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V Lateran Council

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INTRODUCTION

This council was summoned by pope Julius II by the bull Sacrosanctae Romanae Ecclesiae, issued at Rome on 18 July 1511, after several schismatic cardinals, officially supported by Louis XII, king of France, had assembled a quasi-council at Pisa. Twice postponed, the council held its first session in full solemnity at Rome in the Lateran residence on 10 May 1512, at which session an elaborate address on the evils of the church was made by Giles of Viterbo, general of the order of Augustinian hermits.

There were twelve sessions. The first five of them, held during Julius II's pontificate, dealt primarily with the condemnation and rejection of the quasi-council of Pisa, and with the revoking and annulment of the French "Pragmatic Sanction". After the election of pope Leo X in March 1513, the council had three objectives: first, achieving a general peace between christian rulers; second, church reform; and third, the defence of the faith and the rooting out of heresy. The seven sessions after Leo's election gave approval to a number of constitutions, among which are to be noted the condemnation of the teaching of the philosopher Pomponazzi (session 8), and the approval of the agreement completed outside the council between pope Leo X and king Francis I of France (session 11).

All the decrees of this council, at which the pope presided in person, are in the form of bulls. At the beginning of them are added the words "with the approval of the sacred council", and at the end "in public session solemnly held in the Lateran basilica". The fathers confirmed all the decrees by their votes. If anyone wished to reject a proposal, he made his dissenting opinion known verbally, or briefly in writing. The result was that the matters proposed, after various debates, were sometimes altered.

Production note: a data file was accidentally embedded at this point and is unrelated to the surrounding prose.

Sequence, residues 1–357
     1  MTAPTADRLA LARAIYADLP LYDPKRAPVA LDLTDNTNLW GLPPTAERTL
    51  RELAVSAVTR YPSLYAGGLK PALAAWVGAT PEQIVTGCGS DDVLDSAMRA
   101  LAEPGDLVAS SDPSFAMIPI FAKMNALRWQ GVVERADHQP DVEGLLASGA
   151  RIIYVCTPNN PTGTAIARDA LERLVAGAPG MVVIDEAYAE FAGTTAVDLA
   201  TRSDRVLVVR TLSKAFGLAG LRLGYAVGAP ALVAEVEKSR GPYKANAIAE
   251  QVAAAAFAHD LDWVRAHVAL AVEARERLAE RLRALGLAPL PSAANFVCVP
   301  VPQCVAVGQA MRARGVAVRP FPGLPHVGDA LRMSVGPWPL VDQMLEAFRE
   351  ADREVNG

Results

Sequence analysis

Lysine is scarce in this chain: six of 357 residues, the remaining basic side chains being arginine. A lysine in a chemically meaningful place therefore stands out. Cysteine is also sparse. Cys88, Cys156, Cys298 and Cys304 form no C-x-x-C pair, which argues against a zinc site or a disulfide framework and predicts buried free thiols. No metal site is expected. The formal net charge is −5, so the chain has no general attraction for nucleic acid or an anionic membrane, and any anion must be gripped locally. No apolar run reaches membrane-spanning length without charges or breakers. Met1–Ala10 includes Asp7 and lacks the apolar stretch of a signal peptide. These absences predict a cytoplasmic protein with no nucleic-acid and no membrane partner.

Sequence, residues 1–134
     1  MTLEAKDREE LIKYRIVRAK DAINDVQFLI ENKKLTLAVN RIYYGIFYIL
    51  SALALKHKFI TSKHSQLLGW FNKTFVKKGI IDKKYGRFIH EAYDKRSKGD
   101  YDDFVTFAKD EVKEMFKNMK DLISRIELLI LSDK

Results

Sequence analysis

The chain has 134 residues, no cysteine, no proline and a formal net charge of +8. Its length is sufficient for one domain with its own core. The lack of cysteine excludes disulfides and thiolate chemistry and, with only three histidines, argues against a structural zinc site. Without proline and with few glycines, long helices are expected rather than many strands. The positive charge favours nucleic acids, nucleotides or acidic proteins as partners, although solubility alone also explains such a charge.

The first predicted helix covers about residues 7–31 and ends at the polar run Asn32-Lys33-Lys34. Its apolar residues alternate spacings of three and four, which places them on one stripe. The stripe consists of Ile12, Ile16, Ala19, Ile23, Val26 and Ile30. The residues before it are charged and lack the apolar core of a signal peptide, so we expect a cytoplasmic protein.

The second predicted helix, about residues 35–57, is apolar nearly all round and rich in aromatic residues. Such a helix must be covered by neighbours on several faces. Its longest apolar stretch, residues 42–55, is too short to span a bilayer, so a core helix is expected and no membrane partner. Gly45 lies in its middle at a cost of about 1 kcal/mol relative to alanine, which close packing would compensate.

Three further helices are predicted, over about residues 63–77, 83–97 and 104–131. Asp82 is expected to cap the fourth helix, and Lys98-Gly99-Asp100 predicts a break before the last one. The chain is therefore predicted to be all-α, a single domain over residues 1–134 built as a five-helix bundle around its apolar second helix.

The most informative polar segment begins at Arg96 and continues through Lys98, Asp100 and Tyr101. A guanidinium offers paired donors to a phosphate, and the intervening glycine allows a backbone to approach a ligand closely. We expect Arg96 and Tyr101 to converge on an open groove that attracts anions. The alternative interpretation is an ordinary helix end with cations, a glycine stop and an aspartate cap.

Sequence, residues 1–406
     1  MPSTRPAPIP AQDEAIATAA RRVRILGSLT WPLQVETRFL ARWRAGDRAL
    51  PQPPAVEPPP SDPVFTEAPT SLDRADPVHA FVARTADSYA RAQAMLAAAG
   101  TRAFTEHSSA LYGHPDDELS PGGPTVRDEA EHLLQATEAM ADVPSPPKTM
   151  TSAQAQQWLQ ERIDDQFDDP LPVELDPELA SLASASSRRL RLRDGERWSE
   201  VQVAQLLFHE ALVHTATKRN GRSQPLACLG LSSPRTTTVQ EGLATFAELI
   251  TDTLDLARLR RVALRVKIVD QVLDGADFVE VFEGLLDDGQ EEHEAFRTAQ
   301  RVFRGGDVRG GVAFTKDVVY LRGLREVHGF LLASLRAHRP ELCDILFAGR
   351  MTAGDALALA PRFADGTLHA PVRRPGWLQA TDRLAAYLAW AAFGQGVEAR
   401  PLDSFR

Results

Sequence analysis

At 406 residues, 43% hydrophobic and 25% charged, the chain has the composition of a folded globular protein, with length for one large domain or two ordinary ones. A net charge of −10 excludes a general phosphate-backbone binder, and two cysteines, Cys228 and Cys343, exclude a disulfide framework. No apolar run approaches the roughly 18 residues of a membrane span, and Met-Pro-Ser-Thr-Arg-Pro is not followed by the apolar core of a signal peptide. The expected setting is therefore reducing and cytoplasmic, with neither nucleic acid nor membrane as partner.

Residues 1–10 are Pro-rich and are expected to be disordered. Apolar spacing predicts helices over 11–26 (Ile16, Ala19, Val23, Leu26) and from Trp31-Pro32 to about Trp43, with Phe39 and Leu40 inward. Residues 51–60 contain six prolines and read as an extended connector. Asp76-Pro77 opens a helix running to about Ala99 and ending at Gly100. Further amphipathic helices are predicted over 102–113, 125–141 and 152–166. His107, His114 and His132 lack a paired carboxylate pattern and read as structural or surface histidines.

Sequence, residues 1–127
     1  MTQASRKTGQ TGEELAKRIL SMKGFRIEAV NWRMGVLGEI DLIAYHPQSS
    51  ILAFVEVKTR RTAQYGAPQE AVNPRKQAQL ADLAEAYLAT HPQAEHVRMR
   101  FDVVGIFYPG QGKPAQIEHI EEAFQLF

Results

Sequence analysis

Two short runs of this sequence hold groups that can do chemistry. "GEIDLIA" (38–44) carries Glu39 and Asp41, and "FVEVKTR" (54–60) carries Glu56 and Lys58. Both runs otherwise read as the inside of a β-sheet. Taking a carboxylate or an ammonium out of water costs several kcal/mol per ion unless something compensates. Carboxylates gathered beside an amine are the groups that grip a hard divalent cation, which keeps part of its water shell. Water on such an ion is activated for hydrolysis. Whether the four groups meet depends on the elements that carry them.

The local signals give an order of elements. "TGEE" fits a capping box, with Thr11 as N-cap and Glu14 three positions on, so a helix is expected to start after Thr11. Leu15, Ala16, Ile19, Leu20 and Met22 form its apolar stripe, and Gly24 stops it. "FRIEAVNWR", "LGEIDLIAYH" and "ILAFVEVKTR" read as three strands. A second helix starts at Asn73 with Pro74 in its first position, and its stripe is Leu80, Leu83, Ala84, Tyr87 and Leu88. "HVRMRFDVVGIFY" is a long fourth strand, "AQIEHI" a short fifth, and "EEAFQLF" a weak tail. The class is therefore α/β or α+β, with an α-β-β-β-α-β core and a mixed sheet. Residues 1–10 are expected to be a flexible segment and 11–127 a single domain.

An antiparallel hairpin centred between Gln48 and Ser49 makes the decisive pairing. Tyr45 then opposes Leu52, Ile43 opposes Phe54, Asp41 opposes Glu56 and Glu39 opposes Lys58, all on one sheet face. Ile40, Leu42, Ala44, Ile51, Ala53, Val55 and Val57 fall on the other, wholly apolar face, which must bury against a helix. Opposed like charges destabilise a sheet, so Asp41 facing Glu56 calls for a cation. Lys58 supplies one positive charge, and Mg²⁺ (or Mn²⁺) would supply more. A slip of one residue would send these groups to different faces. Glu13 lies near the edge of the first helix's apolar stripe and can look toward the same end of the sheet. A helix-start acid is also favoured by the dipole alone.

The decisions on the reform of the curia produced almost no effect because of the timidity and inadequacy of the recommendations, especially since the papacy showed slight inclination to carry the matter through. On the other hand, the council totally suppressed the Pisan schism. It is clear that bishops were never present in great numbers at the council, and that prelates who lived outside Italy were notably absent to such an extent that there has been frequent dispute about whether the council was ecumenical.

The decrees and other acts of the council were first published in Rome shortly after the council ended, namely on 31 July 1521 by cardinal Antonio del Monte, acting on the orders of pope Leo X. The title of this edition is: SA. Lateranense concilium novissimum sub Iulio II et Leone X celebratum (= Lc). It was subsequently used in various conciliar collections from Cr2 3 (1551) 3-192 to Msi 32 (1802) 649-1002. We have followed this edition of 1521 and have taken the headings of the constitutions from the summary which precedes it.




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